Updated: September 12, 2020 10:06:22 am
Battle lines have been drawn for the US Presidential elections, with “law and order” versus “poor leadership”, especially during Covid-19, emerging as the key rival themes.
The campaign kicked off officially over the last fortnight, with the Democratic National Convention (August 17-20) and Republican National Convention (August 24-27) — both online for the first time ever. The Republicans nominated President Donald Trump and Vice President Mike Pence for a second term, while the Democrats named former Vice President Joe Biden for President and Senator Kamala Harris for Vice President.
What is the Republican pitch?
At the Republican National Convention (RNC), Trump said America is under attack from “anarchists, agitators, rioters, looters and flag burners”, and that only he can stop the destruction. His reference was to protests over the shooting of Jacob Blake in recent days, and demonstrations against the killing of George Floyd in May-June — both men of colour.
American analysts have said that Trump’s tapping into the politics of fear and lawlessness recalls the 1968 elections in the US.
What is common with the 1968 elections?
In April 1968, civil rights activist Martin Luther King Jr was assassinated, followed by protests and violence across the country.
Richard Nixon, Republican Presidential candidate, made restoring “law and order” the centrepiece of his campaign. At the 1968 RNC in Miami, he said, “As we look at America, we see cities enveloped in smoke and flame. We hear sirens in the night… And to those who say that law and order is the code word for racism, there and here is a reply… our goal is justice — justice for every American.”
Reaching out to white suburban voters, Nixon referred to them as the “voice of the great majority of Americans, the forgotten Americans, the non-shouters, the non-demonstrators”. Driven by the fear of violent mobs of black men, white voters in the suburbs carried the day, and Nixon won.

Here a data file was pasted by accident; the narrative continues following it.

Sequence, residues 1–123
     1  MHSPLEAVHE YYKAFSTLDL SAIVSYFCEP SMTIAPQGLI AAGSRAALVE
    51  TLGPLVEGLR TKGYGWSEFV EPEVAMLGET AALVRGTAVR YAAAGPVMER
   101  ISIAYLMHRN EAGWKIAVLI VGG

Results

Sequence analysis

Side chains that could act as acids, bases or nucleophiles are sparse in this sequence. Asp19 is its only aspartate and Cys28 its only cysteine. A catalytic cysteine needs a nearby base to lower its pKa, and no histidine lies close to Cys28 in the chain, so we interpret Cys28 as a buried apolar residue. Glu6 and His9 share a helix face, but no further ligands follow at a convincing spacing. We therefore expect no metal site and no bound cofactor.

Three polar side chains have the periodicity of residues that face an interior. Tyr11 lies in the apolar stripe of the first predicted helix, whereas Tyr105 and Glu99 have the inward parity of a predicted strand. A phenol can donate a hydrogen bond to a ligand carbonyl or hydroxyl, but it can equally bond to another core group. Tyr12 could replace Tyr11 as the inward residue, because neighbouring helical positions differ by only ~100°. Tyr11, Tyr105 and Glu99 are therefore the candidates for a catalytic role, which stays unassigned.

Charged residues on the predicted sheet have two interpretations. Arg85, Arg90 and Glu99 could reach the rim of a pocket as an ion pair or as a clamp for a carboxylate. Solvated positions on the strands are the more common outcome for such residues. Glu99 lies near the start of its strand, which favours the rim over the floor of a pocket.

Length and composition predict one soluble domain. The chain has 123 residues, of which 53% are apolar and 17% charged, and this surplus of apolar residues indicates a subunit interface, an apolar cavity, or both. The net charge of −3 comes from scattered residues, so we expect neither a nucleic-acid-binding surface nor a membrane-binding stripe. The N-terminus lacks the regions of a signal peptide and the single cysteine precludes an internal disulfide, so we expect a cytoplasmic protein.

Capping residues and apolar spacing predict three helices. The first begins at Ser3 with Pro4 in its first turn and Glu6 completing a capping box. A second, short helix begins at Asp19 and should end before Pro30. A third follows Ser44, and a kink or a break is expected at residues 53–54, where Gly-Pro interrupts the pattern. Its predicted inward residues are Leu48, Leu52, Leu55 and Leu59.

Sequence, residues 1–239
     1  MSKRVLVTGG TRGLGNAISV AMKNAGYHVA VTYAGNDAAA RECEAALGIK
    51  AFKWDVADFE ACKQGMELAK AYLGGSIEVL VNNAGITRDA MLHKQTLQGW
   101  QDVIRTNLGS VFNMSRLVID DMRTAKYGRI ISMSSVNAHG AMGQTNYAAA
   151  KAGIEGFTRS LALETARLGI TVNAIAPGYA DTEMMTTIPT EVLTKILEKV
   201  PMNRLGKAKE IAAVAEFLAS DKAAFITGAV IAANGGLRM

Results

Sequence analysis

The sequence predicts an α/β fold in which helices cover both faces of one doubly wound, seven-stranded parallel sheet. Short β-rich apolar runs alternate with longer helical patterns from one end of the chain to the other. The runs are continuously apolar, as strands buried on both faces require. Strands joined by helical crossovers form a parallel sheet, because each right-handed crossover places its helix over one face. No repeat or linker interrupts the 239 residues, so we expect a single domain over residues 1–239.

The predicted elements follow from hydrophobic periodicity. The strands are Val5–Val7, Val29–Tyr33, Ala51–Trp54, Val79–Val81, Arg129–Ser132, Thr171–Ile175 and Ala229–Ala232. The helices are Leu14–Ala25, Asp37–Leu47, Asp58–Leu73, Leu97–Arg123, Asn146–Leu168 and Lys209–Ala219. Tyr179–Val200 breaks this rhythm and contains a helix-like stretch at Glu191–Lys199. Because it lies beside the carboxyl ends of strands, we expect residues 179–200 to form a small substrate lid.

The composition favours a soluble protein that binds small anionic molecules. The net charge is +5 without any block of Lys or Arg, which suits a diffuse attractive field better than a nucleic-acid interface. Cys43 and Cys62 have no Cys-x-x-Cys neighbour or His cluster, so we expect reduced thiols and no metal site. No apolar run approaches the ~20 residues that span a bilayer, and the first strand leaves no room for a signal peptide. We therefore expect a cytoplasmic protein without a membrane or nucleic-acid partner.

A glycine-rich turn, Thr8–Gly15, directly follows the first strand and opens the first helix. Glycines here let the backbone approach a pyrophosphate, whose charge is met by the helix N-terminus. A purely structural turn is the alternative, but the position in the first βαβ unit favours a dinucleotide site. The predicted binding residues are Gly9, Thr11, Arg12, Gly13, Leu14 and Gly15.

In 2020, Trump is tapping into the same instincts of white, suburban voters with a fear-based “law and order” appeal to a “silent majority”.
But will the suburban electorate not have changed since 1968?
Between 1968 and 2020, the suburbs have acquired a much more diverse and mixed-race demography. The “suburban voter” is not “overwhelmingly white” anymore: According to a 2018 study cited by The Washington Post, only 68% of suburbanites were white, 14% were Hispanic and 11% were black.
In recent decades, suburbs have been sites of Black Lives Matter protests, too. A New York Times analysis said suburban voters disapproved of Trump’s handling of recent protests and race relations by an even wider margin, and 65% had a favourable view of Black Lives Matter.
Another difference is that in 1968, Nixon wasn’t yet President. This time, the protests and violence are taking place under President Trump’s watch. That complicates the situation — in fact, Nixon’s similar rhetoric later in the term didn’t work.
To counter the charge of racism, the Trump campaign also fielded Black speakers. Football legend Herschel Walker, who is black, said at the RNC, ”I have seen racism up close. I know what it is. And it isn’t Donald Trump.”
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What is the Democrats’ pitch?
At the Democratic National Convention (DNC), Bide focused his campaign on lack of leadership to tackle the pandemic, which has claimed more than 1.8 lakh lives in six months. His campaign has pointed to the mask-less convention at the White House lawns, which he called “a super spreader event”.